Monday, September 22, 2014

The Facts of Life

On September 15, 2014, in Beverly Hills, California, The Paley Center for Media held a 35th-anniversary Facts of Life reunion, which featured a screening of a classic episode of the series followed by a panel discussion with Charlotte Rae, Nancy McKeon, Mindy Cohn, Geri Jewell and, of course, Lisa Whelchel. (To be sure, Lisa would probably be jealous of all the commas in that sentence.) Two friends and I attended. In fact, we purchased the last three tickets available approximately 20 minutes after they went on sale to the public. It was clearly a major (gay-jor) event.

Because of the lingering (minuscule) infamy of this blog, several of my friends wondered if I was going to finally introduce myself to Miss Whelchel. I thought why not, but the more wise consensus was that she would probably murder me on the spot or at least have me escorted from the premises if she knew that the author of the blog that for a short period of time ridiculed her every word, photo, trip, comma, was in the audience. Better to remain anonymous. Better to just enjoy.

Briefly, Blair was never even my favorite Facts of Life girl. Jo was. (Of course! We are both snippy and gay!) Nor was I a superfan of the show—I was too young to have watched it from its debut. My introduction to it was probably the third or fourth season. But I stayed with it lovingly till the end when Cloris Leachman and Over Our Heads took the place of Charlotte Rae and Edna’s Edibles. My involvement with Lisa Whelchel and the creation of this site happened more because she was a born-again Christian who kept an honest (sometimes painfully so) online journal called Coffee Talk that greatly detailed her and her family’s very southern, very un-cosmopolitan adventures. I found it naively and inadvertently hilarious, and I thought I would, you know, spread the gospel.

Unfortunately, for Lisa, she kept this journal during the mid-2000s, the height of snark. Gawker and Defamer were dealing, respectively, East- and West-Coast bitchery in daily doses, and sites like Perez Hilton, Just Jared and D-Listed were reaching the peak of their celebrity-trashing. During this time, I kept a blog called Nervous Breakdown that aimed to be something comparable. (It was a delight to produce, and I am still impressed that I kept it going on a daily basis for three years since I now have the attention span of a hummingbird.) From Nervous Breakdown came the Blair Necessities, on which I formalized and serialized the Coffee Talk Companion—a feature commenting on, paragraph by paragraph, Lisa Whelchel's own online journal entries. In a few weeks, the Blair Necessities garnered more attention than Nervous Breakdown had in its several years of publication, and since we all want attention, I went full-force. As long as Lisa blogged, I commented. It got to the point that if you searched "Lisa Whelchel" on Google, the Blair Necessities was the top result, even above It was a hit. It also most likely was the cause of Lisa Whelchel password-protecting her personal entries on her site and then, with the advent of Twitter, ceasing to blog altogether. The Blair Necessities was both a success and failure for me: I was more popular than my beautiful subject, and because of that, my subject stopped feeding me.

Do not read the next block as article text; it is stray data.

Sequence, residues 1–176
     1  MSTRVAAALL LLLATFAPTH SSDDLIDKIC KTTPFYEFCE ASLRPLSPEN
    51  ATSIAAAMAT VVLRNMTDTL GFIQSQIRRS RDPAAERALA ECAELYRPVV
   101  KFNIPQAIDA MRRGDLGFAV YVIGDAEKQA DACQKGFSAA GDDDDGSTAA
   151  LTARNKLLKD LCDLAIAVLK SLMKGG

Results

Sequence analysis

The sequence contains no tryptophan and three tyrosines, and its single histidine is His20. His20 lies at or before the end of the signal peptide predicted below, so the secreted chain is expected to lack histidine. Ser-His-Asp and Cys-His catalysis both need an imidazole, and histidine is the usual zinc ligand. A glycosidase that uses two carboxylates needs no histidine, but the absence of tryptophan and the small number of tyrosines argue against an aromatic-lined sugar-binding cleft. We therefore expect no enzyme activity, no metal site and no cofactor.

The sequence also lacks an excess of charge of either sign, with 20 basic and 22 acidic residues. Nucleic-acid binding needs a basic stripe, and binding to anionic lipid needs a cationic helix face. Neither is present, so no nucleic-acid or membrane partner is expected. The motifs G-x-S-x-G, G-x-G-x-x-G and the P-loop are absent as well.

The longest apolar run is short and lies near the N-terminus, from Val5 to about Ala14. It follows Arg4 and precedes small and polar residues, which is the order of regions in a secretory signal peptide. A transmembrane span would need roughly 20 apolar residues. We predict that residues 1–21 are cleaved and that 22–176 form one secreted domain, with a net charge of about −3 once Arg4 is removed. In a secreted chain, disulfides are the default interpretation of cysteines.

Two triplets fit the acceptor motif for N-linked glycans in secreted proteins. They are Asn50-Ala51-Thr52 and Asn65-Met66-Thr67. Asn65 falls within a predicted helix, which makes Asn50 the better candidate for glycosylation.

If you’ve never been to this site before, you can read some old entries. My writing is fine. It’s occasionally funny, I guess. I don't know—it was eight years ago. We were younger. I do think that I avoided being blatantly mean to or about Lisa. (You may disagree, and I may agree with your disagreement, but I did shut off the comment feature when people began getting truly angry and nasty.) This site was my attempt at cashing in on snark, and its success was due to the fact that I found a niche. And, lucky for me, the niche was an impossibly beautiful girl everyone my age either had at one point envied or fell in love with and who had gone from gorgeous celeb to everyday wife and mother of three. And this wife and mother journaled publicly and without irony about her domestic, hyper-religious, non-glamorous life.